Ben's retirement is still a bit of a conundrum. He's got hobbies, but they are more large-scale than he can do in this little house! We've compromised in that he's found a little lathe that he got from a friend, and he's been learning to turn wood on it. It's not building furniture, like we were doing, but it's still working with his hands and making beautiful things. He's already making some amazing little urns. (Anyone need to cremate a dog?) ;) Still, he's lonely and so am I.

This morning we searched through Meetup to see if there were any groups we could hook up with. There may be a few possibilities. The irony is that there are far more options for women than there are for men, or for couples. I can find handfuls of groups that would be appropriate for me, but it would be really nice, as he and I talked about this morning, to just find a small group of couples who might like to get together and play games, have a few sodas/drinks, or do things with. Anything to build our social life outside these four walls.

Sooner or later defaulting to watching TV or going on a short drive will be all we can manage. It's my feeling that while we still can do things, that we do them. We don't need to do a five mile hike, but I feel like we could get satisfaction out of a five minute walk.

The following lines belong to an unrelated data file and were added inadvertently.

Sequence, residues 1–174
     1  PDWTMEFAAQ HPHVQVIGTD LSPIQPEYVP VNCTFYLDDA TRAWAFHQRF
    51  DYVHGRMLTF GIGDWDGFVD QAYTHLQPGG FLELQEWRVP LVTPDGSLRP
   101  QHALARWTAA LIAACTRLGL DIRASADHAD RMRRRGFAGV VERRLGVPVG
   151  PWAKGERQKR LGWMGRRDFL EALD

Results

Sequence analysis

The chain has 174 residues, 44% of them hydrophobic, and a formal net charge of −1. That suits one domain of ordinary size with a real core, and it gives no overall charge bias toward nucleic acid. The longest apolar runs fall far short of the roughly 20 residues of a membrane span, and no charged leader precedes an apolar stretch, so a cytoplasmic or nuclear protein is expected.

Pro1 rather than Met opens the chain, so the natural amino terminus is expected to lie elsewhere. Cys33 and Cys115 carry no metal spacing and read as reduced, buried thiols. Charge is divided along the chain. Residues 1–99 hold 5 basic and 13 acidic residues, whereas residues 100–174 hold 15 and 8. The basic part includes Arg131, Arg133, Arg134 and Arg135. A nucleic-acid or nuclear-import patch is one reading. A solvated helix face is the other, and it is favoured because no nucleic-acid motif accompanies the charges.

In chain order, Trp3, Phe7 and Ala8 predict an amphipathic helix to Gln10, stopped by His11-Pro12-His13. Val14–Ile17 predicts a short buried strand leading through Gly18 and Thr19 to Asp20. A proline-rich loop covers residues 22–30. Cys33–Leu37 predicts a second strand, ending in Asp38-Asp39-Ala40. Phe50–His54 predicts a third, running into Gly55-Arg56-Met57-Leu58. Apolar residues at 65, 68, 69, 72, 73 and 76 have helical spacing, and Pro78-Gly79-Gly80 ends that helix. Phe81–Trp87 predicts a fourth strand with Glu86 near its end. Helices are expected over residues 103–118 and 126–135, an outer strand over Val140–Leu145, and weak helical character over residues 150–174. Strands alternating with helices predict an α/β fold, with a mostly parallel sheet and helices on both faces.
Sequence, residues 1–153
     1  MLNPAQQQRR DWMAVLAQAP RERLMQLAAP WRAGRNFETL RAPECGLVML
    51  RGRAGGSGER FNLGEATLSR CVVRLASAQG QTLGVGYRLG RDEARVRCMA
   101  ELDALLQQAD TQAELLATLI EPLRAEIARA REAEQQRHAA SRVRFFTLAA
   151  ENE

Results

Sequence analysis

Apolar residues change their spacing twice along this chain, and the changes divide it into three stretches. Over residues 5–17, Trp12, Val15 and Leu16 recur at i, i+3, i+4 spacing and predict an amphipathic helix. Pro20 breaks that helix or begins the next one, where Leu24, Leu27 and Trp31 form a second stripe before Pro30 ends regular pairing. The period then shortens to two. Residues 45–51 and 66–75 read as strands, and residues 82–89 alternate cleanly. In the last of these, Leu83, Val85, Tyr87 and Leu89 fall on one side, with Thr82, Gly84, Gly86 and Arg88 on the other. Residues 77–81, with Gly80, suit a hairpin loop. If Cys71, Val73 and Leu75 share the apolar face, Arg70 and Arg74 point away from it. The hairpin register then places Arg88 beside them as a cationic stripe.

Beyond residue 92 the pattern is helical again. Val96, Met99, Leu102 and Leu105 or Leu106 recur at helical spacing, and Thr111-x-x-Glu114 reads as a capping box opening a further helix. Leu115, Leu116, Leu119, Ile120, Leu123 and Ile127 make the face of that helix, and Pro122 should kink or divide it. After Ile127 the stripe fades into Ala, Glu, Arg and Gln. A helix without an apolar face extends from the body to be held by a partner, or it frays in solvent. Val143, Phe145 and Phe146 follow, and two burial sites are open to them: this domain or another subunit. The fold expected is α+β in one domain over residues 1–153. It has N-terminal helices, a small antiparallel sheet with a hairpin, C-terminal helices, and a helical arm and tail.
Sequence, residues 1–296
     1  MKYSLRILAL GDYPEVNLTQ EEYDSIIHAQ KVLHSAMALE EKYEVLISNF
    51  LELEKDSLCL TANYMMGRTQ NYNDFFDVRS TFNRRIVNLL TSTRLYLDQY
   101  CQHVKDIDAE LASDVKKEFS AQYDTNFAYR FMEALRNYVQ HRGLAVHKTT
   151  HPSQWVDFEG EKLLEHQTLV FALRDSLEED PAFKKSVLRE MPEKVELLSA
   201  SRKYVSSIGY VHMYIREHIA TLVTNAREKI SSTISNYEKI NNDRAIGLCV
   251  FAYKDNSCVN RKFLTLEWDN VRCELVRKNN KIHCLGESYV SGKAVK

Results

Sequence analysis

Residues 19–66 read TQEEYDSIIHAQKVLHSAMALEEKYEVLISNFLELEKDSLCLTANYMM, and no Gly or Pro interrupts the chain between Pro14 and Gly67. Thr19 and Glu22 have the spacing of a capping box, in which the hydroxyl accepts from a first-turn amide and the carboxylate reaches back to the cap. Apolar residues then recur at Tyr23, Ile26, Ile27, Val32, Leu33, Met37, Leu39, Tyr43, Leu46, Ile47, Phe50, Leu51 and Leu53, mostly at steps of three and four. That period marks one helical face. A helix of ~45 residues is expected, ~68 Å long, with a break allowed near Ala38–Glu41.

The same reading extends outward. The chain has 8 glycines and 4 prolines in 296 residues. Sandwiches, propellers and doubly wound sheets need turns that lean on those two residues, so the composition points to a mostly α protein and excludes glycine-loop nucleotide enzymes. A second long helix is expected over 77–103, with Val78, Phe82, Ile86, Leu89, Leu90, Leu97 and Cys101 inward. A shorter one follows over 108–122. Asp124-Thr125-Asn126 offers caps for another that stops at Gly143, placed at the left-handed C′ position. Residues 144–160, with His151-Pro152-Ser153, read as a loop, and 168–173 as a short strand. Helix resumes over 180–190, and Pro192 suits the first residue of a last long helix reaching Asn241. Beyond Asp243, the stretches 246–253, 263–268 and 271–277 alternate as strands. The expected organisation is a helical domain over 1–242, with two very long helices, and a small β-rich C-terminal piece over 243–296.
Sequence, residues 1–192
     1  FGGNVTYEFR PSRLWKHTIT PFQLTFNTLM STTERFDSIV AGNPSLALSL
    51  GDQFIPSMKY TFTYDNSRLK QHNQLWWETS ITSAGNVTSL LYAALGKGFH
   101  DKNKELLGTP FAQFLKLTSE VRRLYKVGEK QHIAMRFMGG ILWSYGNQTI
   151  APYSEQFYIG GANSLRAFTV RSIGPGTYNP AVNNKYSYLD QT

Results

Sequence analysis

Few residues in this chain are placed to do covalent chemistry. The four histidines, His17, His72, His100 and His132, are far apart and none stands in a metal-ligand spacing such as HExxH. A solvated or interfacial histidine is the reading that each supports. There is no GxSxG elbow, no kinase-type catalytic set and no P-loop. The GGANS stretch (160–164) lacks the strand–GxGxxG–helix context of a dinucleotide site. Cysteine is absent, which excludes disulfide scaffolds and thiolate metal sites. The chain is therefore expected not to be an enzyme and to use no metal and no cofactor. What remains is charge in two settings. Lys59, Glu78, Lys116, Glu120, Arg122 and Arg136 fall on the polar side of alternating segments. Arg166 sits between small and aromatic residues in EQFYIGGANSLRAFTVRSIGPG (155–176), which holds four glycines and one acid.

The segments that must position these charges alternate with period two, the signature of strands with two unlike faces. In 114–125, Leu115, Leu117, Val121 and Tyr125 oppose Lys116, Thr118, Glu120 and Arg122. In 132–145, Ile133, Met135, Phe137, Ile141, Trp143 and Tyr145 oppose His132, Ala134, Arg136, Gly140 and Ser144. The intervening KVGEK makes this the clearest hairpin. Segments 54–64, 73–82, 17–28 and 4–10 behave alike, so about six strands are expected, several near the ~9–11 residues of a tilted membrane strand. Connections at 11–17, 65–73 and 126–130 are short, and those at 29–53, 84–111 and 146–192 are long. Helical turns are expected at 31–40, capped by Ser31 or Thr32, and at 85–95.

Being fulfilled - that's the nail on the head. And that seems to be what's missing. Now that he doesn't work any more, there needs to be a reason to get up in the morning. And ditto for me. Sorry this is so long and disjointed. I have two dogs and a cat on my lap that ALSO are feeling neglected, so I'm still somewhat scattered! :)

By jcoff012 On 2013.08.25 19:19
Michelle...just a few ideas to meet about the Y? Area on Aging? The library often has a bulletin board of events, etc. Does your city have a website...that's a good resource...(example...I was just this week asked if Carl and I would consider helping make and paint figures to be used in the city Christmas pageant)...or, ask your hairstylist, they know everyone! Jane

By jcoff012 On 2013.08.25 19:23
Carl just suggested that Ben check out the bulletin boards at the grocery AND lumberyard, Home Depot, Lowe's...:0

By mylove On 2013.08.25 19:47
This is bad, and I hate to even mention it but it's a cautionary tale. He did try volunteering in his field. It was one of the first things he did when we got here. He's a skilled cartographer that worked for years in a municipal government setting doing all their maps, including for the fire and police depts, emergency services, planning and utility departments. It's a very intellectual and exacting program, and it's all done on a computer at a desk.

He'd done some work for our local fire dept before we relocated, so he went to the fire dept in the city to which we moved to ask if they had a volunteer opening for him. The fire chief was very excited, and wanted him to come in a couple of hours a week and help them out with their program. It's all computer work. They had him fill out volunteer papers, and then the head office sent him to have a physical, because they said it was their policy for everyone including volunteers. They were aware that he was only going to be doing office work (not firefighter work) and he was up front about his disability.